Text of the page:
There’s something about a restaurant in a historic building that gives it a certain sense of place—it has its own past, its own personality, and, usually, great bones to it. Shea has plenty of experience creating concepts and designs in spaces on national and local registers, but even when a space doesn’t have a specific historic designation, working in a building of a certain age comes along with its own quirks. Upgrades must of course be made in terms of codes and safety regulations, but there are also factors such as associated groups interested in preserving a certain aesthetic, nearby historic buildings that affect the new space, and taking into account the space’s previous use. Three recent Shea projects embraced their history and preserved the best features of their original spaces, while modernizing for what diners are looking for in a restaurant on today’s competitive scene.
Housed in the iconic 510 Groveland building on the edges of Loring Park, P.S. Steak was a restaurant with big shoes to fill—the space was best known as fine-dining institution La Belle Vie (also a Shea design), where P.S. Steak’s Executive Chef Mike DeCamp had once been Chef de Cuisine Located on the first floor of a 1920s-era condo building, the restaurant space is as iconic as its luxe environs.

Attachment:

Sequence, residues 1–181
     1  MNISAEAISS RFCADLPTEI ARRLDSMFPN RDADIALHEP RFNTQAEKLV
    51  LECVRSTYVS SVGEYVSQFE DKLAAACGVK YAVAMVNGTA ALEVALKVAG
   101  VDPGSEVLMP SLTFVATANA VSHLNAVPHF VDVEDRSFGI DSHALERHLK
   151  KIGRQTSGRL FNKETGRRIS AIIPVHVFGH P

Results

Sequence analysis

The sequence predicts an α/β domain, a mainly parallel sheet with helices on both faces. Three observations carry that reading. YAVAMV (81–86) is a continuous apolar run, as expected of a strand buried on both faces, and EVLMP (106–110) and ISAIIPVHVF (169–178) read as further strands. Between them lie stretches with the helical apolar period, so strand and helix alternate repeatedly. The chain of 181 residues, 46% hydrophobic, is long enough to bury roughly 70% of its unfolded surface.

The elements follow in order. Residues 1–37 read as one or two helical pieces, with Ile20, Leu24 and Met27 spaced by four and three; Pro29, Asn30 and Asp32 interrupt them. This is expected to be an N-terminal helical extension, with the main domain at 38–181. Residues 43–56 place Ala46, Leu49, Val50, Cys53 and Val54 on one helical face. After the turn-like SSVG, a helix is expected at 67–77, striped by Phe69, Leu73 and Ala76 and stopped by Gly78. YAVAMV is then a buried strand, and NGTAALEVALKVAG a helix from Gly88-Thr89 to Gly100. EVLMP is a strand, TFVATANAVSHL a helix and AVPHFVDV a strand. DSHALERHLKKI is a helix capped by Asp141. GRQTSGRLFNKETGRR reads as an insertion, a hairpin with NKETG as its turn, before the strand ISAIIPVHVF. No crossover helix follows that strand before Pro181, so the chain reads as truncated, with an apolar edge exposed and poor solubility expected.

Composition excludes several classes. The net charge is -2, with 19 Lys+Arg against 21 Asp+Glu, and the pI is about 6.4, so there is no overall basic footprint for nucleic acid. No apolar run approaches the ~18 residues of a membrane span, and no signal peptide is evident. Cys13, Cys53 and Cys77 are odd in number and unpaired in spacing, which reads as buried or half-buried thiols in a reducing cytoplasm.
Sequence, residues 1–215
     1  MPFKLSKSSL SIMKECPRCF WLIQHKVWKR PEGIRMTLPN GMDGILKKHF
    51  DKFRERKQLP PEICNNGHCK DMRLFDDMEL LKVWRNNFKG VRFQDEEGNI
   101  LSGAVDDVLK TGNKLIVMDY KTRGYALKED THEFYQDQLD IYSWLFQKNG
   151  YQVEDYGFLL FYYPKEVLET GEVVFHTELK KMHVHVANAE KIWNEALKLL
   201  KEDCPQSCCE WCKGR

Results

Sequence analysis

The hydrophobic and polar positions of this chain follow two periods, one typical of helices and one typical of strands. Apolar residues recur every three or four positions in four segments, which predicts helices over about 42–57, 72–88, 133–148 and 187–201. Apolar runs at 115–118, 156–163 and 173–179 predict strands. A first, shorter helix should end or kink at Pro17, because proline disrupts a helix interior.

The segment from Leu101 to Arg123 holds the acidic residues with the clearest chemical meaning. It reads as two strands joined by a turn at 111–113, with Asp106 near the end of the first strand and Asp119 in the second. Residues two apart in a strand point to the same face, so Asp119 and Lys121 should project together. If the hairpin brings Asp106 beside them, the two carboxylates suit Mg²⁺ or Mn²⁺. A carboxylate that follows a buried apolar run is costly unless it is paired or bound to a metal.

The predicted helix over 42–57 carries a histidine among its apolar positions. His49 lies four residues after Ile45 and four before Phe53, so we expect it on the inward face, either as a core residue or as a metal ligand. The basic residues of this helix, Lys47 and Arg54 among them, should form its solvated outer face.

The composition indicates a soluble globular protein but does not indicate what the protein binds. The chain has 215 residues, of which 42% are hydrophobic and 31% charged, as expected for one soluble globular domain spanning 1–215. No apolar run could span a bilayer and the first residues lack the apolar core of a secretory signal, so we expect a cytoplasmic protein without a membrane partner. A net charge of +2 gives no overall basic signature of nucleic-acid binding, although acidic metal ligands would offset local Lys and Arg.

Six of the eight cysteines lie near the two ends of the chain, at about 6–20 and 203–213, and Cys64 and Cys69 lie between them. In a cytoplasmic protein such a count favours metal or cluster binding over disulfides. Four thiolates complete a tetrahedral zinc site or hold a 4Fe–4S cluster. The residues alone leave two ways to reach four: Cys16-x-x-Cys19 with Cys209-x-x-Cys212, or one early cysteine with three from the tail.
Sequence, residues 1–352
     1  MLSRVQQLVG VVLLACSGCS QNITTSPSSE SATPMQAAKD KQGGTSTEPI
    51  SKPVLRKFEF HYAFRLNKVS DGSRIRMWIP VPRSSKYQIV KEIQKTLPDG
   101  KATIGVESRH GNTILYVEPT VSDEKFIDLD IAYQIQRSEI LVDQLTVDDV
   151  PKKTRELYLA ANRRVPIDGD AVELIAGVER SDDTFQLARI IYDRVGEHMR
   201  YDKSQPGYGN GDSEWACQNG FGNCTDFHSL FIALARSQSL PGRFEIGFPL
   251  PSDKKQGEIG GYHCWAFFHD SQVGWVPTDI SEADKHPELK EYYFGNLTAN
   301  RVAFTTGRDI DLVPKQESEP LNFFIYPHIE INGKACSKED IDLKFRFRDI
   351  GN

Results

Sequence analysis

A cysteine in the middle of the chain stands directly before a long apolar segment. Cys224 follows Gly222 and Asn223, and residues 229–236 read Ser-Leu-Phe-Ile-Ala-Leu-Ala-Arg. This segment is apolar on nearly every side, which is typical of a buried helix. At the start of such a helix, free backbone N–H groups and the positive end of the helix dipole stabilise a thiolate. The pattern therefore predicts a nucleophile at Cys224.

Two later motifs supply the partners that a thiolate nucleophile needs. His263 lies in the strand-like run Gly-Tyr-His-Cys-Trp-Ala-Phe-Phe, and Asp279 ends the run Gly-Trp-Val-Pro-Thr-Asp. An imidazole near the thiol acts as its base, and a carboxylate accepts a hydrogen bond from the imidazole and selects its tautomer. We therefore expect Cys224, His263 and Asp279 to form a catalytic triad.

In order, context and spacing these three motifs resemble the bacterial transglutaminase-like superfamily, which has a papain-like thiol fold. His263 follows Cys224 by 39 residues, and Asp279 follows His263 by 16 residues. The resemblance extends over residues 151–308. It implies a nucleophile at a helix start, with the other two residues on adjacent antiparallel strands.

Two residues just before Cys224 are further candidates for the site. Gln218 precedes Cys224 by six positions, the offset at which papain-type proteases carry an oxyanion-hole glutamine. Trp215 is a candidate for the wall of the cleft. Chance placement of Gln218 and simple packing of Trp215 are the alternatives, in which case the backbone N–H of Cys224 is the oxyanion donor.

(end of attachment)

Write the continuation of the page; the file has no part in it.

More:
The Jester Group came to Shea hoping to create a modern steakhouse in the space, and taking the front lounge back to the glory days of La Belle Vie and transforming the former back dining room into a destination spot all its own—striking the balance of bringing something fresh while still appeasing the building’s board, which hoped to maintain the historic details and overall building aesthetic. The restaurant space had a brief interlude between its time as La Belle Vie and the new P.S. Steak, so Shea stepped in to create a design that would bring new energy to the space, maintaining its elegance and making optimal use of the different zones in the restaurant.
Creating a sense of space separating P.S. Steak from the building entrance was one major design challenge. A new, intimate lounge area with elegant gold partial screening bridges the gap between the residential and restaurant areas. Throughout the entire lounge and dining room, we maintained the stately crown moldings and chandeliers to keep the building in its era, adding new, fresh paint colors. The floor and fireplace in the lounge were preserved in accordance with the building association’s requests, and drapery in the dining room was used in lieu of a stained-glass effect to maintain a cohesive appearance on the outside of the building.
The greatest challenge came in create a space that would be functional but also serve as a bridge between the light, airy lounge and the rich, moody dining room. Shea achieved this by making use of a former service corridor to create a cocktail bar between the two that would lead into the dining room with a similar aesthetic. Careful attention to the millwork on the backbar and the finishes in the cocktail space give it the feeling of having been in the building since its construction—no small feat in such a grand, 100-year-old architectural icon.